Algorithm Development for the Full Two-Fluid Plasma System

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Algorithm Development for the Full Two-Fluid Plasma System
University of Washington Department of Aeronautics & Astronautics John Loverich Ammar Hakim Uri Shumlak

Overview Motivation Full Two-Fluid Model Preserving Divergence
Potential formulation Auxiliary variables Discontinuous Galerkin Method Collisionless Reconnection

Motivation MHD is invalid in many plasma regimes
Microinstabilities and anomalous transport Lower Hybrid Drift instability Modified Two-Stream instability Electron Kelvin Helmholtz instability Weibel instability Two-fluid stability - FRC, z-pinch Collisionless reconnection Finite volume methods and discontinuous Galerkin methods have been used extensively in fluid mechanics. We would like to apply the same methods to Maxwell’s equations for the purpose of simpler algorithm design.

Full Two-Fluid Plasma Model: 5 Moment Fluid Equations
Species Continuity Species Momentum Species Energy There are two fluids, electron fluid and ion fluid, each with complete inviscid fluid Equations + Lorentz force source terms. Higher moments of the Vlasov (collisionless Boltzmann) equation can be taken to improve the plasma model.

Full Two-Fluid Plasma Model: Maxwell’s Equations
Ampere’s Law Faraday’s Law Poisson’s Equation Magnetic Flux The fluids are coupled to each other through the electromagnetic fields.

Maxwell’s Equations – Mixed Potential Formulation
The finite volume method absolutely required divergence cleaning in order to get proper solution to problems with in plane magnetic fields. The potential equations can be used to ensure the divergence equations are satisfied. The potential equations are re-written as 16 first order equations so that Riemann solvers can be applied. The Lorentz gauge condition must still be satisfied. Errors in this constraint remain small.

Perfectly Hyperbolic Maxwell’s Equations
Another approach to dealing with the divergence conditions is to use the perfectly hyperbolic Maxwell’s equations Auxiliary variables are used to propagate errors in the solution out of the domain at some pre-determined speed. We have not yet noticed any unphysical effects produced by the auxiliary variables.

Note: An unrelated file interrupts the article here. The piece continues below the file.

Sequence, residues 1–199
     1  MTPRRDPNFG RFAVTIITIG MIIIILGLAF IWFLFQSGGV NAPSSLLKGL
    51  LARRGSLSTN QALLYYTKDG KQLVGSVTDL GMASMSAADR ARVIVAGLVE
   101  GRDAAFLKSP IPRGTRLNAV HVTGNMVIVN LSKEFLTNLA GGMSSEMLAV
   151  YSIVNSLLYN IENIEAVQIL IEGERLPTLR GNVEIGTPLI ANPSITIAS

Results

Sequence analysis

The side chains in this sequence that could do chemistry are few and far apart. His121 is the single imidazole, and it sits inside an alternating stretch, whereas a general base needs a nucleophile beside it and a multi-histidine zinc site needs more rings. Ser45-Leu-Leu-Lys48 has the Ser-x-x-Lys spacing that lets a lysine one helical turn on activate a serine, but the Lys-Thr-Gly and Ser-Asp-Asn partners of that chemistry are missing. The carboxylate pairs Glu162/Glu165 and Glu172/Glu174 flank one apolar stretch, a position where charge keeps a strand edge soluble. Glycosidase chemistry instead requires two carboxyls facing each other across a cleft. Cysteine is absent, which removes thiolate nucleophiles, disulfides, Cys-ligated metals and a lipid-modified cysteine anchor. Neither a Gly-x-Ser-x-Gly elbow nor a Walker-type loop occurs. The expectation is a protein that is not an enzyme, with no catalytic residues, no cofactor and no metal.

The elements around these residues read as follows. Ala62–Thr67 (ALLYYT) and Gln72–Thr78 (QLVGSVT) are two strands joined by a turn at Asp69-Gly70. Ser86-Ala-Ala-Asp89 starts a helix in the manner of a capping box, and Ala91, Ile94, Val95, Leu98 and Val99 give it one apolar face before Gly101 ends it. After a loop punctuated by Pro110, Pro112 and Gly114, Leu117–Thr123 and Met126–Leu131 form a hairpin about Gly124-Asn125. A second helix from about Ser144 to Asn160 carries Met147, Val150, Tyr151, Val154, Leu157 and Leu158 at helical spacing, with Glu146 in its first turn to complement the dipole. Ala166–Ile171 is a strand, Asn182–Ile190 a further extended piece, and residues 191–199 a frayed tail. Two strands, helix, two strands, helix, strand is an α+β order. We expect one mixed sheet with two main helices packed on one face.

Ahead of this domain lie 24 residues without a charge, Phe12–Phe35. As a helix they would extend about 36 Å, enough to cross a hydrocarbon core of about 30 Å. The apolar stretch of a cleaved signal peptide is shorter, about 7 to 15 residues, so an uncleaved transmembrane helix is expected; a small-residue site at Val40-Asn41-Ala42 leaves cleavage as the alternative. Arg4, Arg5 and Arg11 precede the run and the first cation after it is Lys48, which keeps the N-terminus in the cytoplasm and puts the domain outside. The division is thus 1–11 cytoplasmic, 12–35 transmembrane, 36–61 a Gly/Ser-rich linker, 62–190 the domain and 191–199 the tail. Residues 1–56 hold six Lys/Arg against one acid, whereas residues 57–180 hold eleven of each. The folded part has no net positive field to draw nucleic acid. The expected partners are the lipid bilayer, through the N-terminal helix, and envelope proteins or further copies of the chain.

Why use the discontinuous Galerkin method?
Source terms included naturally Temporal accuracy long time integration Spatial accuracy High order methods are good at balancing sources and fluxes near equilibrium (this is very important in two-fluid equations) Divergence Finite volume methods require divergence cleaning to gain solutions to problems with in plane magnetic fields Explicit easy to parallelize Efficiency Higher order methods can be computationally more efficient

Discontinuous Galerkin Method
Constant term Linear variation Solution does not need to be continuous at cell edges

Discontinuous Galerkin Method
Start with a general balance law, The Q are represented as a linear combination of basis functions Multiply the balance law by the same set of basis functions and integrate over a volume element,

Discontinuous Galerkin Method
Move the derivative off the flux F and onto the basis functions using integration by parts, In regular geometries with orthogonal basis function the equation becomes.

Discontinuous Galerkin Method
We still have a few things to evaluate. Surface Fluxes – Approximate Riemann Flux Integrals – Gaussian Quadrature Time Derivatives – Runge-Kutta methods Extension to general geometries is very easy! Calculate Jacobians at each quadrature point Calculate basis function gradients in global coordinates Calculate a local mass matrix

Collisionless Reconnection
Image borrowed from Journal of Geophysical Research, Vol. 106, No. A3, Pg , March 1, 2001

Collisionless Reconnection
The following simulation is based off a widely explored collisionless magnetic reconnection problem called the GEM challenge.

Collisionless Reconnection
After 25/Wci the 2nd order solution differs substantially from the 3rd order due to the formation of a large magnetic island in the 2nd order solution. Total electron current at T=25/Wci

Collisionless Reconnection
At a resolution of 512X256 the 2nd and 3rd order methods are essentially the same. The 3rd order method achieves a correct solution at lower grid resolution. Total electron current at T=25/Wci

Collisionless Reconnection
Comparison of reconnected magnetic flux for the full two-fluid solution using 3rd order discontinuous Galerkin method against solutions published by M. Shay, Journal of Geophysical Research, Vol. 106 No A3, Pg

Conclusion We are interested in the two-fluid plasma model because MHD is inadequate. A discontinuous Galerkin method for the two-fluid plasma system has been described. Techniques that preserve divergence have been successfully applied to the two-fluid system. The algorithm produces results in agreement with other techniques.